Perhaps as importantly, it was in the army that Truman met Jim Pendergast, the nephew of Tom Pendergast, the boss of the powerful Kansas City Democrat political machine. It was Jim, and his father Mike, who convinced Tom to chose Truman as the Democrat candidate for county judge, in the early 1920’s. Once nominated as a Democrat, he won the election. Although the job was prestigious, a judge did not become wealthy unless he practiced a little graft, which Truman did not choose to do. That is not to say he didn’t close an eye when crooked things went on, but he personally appears to have stayed clean.
Truman was a judge for over a decade and while well regarded, he was not seen as a high-flyer. Yet after being turned down by two other politicians, Pendergast eventually chose Harry to run for the U.S. Senate with his backing. Truman won the seat and was off to Washington D.C.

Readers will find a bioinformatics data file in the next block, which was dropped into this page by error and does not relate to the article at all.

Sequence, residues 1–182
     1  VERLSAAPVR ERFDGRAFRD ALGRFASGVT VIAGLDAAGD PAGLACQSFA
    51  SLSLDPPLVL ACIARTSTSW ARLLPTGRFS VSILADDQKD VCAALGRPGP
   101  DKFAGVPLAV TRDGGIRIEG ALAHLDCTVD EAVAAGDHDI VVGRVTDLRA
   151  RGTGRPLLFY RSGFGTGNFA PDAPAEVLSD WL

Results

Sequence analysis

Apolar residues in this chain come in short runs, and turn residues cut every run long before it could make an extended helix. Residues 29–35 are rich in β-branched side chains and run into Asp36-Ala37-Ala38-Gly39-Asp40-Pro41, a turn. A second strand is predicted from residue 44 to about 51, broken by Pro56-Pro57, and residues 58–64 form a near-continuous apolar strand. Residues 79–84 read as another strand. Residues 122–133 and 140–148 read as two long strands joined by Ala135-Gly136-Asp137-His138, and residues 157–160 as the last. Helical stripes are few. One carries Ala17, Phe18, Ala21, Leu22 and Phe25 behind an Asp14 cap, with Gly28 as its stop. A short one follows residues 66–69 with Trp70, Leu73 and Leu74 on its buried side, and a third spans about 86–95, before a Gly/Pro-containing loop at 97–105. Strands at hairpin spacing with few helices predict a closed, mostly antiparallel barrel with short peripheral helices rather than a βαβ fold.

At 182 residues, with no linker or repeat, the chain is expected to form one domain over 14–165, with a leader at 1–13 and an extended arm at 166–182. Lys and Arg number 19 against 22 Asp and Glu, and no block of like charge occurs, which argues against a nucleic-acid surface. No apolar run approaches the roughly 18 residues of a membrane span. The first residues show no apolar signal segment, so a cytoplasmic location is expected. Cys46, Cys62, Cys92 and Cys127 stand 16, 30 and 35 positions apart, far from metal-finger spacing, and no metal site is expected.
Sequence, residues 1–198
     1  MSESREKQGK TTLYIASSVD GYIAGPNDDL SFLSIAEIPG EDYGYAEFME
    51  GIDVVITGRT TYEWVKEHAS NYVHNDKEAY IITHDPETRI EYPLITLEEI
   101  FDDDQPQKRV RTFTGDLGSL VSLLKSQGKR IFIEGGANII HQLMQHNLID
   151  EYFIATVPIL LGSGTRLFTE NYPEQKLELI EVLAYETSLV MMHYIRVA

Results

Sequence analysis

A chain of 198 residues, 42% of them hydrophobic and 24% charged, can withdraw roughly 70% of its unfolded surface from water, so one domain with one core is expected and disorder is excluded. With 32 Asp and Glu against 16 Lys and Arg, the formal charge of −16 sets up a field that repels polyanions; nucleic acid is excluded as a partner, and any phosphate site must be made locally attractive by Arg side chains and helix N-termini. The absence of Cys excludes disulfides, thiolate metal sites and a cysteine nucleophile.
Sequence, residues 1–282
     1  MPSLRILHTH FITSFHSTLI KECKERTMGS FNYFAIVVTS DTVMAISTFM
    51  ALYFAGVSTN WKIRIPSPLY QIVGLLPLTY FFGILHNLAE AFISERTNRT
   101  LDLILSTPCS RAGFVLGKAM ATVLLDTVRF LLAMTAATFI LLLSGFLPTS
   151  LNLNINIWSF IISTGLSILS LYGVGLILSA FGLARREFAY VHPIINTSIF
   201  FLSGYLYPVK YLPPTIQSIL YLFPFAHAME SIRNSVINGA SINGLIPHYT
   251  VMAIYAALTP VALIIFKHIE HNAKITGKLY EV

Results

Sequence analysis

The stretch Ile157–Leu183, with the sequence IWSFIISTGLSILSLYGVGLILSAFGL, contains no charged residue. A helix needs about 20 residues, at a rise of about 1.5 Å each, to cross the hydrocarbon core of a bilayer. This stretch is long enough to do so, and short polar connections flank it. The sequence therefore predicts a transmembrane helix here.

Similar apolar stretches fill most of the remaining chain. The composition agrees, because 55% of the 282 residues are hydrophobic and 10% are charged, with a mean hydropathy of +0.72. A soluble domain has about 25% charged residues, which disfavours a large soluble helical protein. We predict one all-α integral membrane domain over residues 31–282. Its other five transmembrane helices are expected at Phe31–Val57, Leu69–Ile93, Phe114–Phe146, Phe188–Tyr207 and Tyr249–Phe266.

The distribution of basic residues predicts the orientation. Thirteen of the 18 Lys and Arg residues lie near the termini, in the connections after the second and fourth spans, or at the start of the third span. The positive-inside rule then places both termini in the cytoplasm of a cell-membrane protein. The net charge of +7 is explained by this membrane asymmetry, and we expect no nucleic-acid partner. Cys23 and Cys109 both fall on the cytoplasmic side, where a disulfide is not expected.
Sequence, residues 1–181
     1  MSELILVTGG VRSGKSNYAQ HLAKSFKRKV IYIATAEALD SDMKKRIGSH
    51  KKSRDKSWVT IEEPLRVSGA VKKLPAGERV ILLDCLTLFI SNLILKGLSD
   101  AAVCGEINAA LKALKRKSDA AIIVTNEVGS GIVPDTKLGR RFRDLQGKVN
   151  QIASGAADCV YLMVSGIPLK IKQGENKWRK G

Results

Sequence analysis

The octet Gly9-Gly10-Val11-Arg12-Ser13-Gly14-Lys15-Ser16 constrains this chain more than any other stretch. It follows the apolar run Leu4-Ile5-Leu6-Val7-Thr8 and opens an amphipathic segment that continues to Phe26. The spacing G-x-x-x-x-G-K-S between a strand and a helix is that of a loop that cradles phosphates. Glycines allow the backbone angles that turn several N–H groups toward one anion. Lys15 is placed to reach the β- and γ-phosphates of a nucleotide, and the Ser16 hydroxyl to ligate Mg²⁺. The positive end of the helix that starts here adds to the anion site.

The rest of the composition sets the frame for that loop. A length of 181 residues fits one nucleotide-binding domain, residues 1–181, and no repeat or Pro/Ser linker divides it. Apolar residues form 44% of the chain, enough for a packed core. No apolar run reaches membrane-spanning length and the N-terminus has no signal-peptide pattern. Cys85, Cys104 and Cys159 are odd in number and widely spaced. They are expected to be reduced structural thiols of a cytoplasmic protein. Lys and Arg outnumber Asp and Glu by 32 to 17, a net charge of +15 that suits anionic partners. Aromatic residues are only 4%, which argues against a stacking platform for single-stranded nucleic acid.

In D.C. Truman kept his head down and didn’t make any waves. He learned the system and made friends. It appeared he would settle into a relative, if comfortable, anonymity when things changed drastically. Again, it was a war which pushed him out of his groove.
When the USA went to war in 1941, the country and military were simply not prepared. Almost overnight, the government was signing contracts for bases and material without any real oversight on spending. Things got so bad that even the public began to worry about the abuse. Truman decided to establish a committee, which came to be called the Truman Committee, to look into the fraud and waste. In a short time, he became a very well known senator and even did some good reining in financial abuse.